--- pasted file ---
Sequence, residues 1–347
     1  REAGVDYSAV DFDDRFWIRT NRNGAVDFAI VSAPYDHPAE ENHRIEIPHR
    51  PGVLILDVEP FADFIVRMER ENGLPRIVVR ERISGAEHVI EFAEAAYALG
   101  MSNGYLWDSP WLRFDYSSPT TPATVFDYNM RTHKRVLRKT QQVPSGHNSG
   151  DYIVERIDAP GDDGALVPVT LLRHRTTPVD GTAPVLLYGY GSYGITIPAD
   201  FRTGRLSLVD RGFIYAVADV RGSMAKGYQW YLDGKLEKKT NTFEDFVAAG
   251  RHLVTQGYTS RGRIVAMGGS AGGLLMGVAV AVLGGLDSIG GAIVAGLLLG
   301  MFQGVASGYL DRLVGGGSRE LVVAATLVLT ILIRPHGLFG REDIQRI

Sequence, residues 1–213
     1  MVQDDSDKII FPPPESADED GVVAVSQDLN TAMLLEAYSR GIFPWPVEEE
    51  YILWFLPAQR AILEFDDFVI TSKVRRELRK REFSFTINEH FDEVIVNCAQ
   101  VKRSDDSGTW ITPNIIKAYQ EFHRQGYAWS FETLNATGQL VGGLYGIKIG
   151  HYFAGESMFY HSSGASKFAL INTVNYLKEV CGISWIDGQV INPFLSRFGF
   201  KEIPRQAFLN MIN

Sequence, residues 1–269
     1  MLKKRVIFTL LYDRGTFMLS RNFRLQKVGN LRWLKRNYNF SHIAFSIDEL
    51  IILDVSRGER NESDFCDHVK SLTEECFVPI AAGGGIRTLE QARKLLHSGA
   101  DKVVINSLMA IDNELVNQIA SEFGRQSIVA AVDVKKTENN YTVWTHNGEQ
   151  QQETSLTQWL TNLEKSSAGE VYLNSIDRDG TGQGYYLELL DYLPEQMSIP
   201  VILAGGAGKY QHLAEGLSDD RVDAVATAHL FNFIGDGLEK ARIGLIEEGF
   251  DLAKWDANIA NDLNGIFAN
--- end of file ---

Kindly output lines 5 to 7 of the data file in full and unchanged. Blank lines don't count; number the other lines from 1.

   151  DYIVERIDAP GDDGALVPVT LLRHRTTPVD GTAPVLLYGY GSYGITIPAD
   201  FRTGRLSLVD RGFIYAVADV RGSMAKGYQW YLDGKLEKKT NTFEDFVAAG
   251  RHLVTQGYTS RGRIVAMGGS AGGLLMGVAV AVLGGLDSIG GAIVAGLLLG